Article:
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Why Jesus First Appeared to Women
April 15, 1979

St. Paul's United Methodist Church

LUKE 24:1-12

Women are constantly being picked on, teased for centuries. Bob Hope says he doubts if women will ever field a football team because once they get in the huddle, they won't start stop talking and come out. Sometimes women turn the tables. A policemen in Indianapolis, Indiana, stopped a woman and said, “You didn't signal at that corner back there when you turned.” She said, “Why should I signal? I turn there every day.” He was so flabbergasted, he forgot to give her a warning. 

Sometimes women get the upper hand and they certainly did on Easter. Little known or little mentioned is the fact that Jesus first appeared to women. All the Gospels agree on that fact. The gospels differ as to how many women there were, but they all agree that Mary Magdalene was one of the women and they all agree that the women were there first. Why did Jesus first appear to women? Remember that Jesus treated women with great respect, with great dignity. He was far ahead of his years. He was ahead of his time, of his culture. He treated women with great respect and dignity. He reinterpreted the divorce law so that it gave women more rights and more security. The divorce laws of that time were especially cruel and indifferent to women's rights. Jesus included women in his disciples, in his band, in his group. Jesus talked to women, like the woman of Samaria, who was prejudiced against and who was a loose woman. Jesus sought her out and talked to her. Jesus stood up for women. He protected the woman who was being stoned for adultery. Women were in leadership in the early church.They had high positions of leadership until the church became institutionalized in a man's world.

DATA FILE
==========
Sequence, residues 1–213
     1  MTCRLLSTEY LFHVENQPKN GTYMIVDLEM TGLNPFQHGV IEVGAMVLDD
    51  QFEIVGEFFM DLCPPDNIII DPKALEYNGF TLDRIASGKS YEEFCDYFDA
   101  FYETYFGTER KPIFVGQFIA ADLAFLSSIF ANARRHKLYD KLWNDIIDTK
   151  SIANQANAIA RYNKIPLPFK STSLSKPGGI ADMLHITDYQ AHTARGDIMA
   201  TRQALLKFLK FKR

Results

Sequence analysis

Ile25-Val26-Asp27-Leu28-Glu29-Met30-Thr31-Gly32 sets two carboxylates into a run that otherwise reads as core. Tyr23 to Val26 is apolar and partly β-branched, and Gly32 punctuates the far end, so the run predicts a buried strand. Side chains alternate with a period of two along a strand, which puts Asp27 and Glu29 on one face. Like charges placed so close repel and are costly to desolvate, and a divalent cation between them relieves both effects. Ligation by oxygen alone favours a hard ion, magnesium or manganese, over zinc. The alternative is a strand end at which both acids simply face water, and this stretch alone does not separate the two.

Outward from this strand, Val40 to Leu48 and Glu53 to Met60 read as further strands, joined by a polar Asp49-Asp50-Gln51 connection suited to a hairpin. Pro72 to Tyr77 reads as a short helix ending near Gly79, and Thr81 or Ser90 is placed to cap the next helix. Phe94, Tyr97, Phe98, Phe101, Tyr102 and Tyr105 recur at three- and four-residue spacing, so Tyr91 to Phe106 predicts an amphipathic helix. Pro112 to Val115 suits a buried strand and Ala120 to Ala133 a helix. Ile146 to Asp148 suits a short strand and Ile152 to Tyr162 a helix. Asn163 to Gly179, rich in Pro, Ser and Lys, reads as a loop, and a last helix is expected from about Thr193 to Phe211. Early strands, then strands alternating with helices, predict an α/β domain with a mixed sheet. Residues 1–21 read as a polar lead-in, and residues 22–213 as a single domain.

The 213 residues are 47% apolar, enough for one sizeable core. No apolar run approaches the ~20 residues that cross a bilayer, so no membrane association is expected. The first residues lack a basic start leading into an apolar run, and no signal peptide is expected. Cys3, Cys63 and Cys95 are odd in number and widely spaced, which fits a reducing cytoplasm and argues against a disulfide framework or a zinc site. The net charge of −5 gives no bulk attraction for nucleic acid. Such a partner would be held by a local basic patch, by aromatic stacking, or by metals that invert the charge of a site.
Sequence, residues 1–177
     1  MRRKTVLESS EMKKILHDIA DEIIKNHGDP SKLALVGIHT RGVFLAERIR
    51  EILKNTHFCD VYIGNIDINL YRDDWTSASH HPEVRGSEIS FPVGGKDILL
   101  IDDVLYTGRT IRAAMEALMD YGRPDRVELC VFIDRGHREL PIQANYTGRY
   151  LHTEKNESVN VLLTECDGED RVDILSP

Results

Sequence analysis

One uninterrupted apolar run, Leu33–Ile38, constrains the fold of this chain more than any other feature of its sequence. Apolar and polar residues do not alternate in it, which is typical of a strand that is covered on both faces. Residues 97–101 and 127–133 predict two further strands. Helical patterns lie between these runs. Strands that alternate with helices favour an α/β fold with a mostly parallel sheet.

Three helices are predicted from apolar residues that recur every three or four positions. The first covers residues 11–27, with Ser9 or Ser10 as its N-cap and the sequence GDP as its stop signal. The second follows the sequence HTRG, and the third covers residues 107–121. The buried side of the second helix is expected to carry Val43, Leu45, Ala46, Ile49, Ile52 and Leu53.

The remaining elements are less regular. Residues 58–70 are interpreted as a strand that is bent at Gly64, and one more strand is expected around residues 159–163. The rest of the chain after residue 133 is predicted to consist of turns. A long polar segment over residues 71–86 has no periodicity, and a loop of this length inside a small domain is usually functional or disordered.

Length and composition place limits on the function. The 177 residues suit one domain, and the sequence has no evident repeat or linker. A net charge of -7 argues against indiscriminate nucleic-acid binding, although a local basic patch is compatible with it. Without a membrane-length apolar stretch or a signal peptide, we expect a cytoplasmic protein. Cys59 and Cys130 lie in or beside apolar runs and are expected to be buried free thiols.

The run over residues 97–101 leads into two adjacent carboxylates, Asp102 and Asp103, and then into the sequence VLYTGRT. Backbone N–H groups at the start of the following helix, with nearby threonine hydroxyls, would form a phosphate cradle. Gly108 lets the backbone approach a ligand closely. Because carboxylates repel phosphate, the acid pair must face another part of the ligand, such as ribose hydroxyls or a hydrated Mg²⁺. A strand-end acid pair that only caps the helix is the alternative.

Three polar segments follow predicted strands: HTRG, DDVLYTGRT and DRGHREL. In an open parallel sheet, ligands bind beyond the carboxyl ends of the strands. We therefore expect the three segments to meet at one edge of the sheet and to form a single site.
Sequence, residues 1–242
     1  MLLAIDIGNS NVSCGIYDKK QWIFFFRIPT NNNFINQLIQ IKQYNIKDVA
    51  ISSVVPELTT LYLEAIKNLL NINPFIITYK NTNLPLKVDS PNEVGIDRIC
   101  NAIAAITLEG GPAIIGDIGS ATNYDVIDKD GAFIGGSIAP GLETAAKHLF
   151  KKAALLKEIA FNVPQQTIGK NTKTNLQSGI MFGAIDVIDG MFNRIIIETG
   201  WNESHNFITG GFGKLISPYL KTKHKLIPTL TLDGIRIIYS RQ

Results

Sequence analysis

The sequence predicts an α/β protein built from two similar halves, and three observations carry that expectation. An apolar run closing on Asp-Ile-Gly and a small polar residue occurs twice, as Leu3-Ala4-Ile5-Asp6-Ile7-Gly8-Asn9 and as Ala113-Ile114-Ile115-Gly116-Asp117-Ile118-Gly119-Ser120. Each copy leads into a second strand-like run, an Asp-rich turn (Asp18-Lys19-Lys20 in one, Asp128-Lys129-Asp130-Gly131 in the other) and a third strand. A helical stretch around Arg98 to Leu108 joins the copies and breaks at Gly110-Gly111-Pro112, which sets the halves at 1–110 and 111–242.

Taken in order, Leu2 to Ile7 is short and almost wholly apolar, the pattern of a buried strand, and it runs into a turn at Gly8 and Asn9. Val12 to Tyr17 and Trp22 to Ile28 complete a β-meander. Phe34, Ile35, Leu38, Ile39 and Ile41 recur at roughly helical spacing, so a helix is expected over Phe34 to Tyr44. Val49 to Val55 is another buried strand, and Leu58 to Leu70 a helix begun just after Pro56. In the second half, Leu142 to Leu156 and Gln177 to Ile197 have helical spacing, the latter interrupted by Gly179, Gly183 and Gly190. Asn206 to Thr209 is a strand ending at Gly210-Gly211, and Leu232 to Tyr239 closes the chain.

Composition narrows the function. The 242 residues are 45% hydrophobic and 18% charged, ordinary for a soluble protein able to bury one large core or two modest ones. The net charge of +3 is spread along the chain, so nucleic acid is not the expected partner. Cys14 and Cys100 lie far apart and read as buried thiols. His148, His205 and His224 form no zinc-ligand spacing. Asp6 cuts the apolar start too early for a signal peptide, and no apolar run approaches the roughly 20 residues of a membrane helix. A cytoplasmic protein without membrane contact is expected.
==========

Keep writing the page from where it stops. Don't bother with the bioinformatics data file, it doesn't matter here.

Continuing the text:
And Jesus, first of all, appeared to women. The gospels agree that Jesus did first appear to women. Why? First of all, Jesus appeared to women because for the obvious fact—they were there. They had been at the cross and they were at the tomb. Many women were watching Jesus, waiting and standing there suffering, as you do when loved ones die. You wait, you watch, you're with them. And the women were with Jesus at the cross. The women followed the body to the tomb, the women waited outside the tomb, and the women went to prepare the body for burial in that day before morticians. The women were there. 

The men weren't there. Only the Gospel of John says that there was a man at the cross, one of the disciples. The other three gospels omit any such mention that there was any disciple there. If any other male disciples were there, if they had been there at the trial, and if they followed Jesus on that lonely walk to the cross, they were on the outer fringes of the crowd, because a complete stranger had to be conscripted by the soldiers to help Jesus carry the cross, a complete stranger. The men weren't there. And Peter publicly denied ever having known Jesus. He refused to identify himself as one of Jesus’ friends. The men were not there so, of course, they missed the resurrection. Of course, Jesus could not appear to them first. They were probably watching some game on television or bowling. Where they were, they were huddled in a room scared for their own lives, scared for their own safety. The men were so much out of it, they wouldn't even believe the women. Who would listen to a woman? They wouldn't believe the women when they told them that they had seen the resurrected Jesus.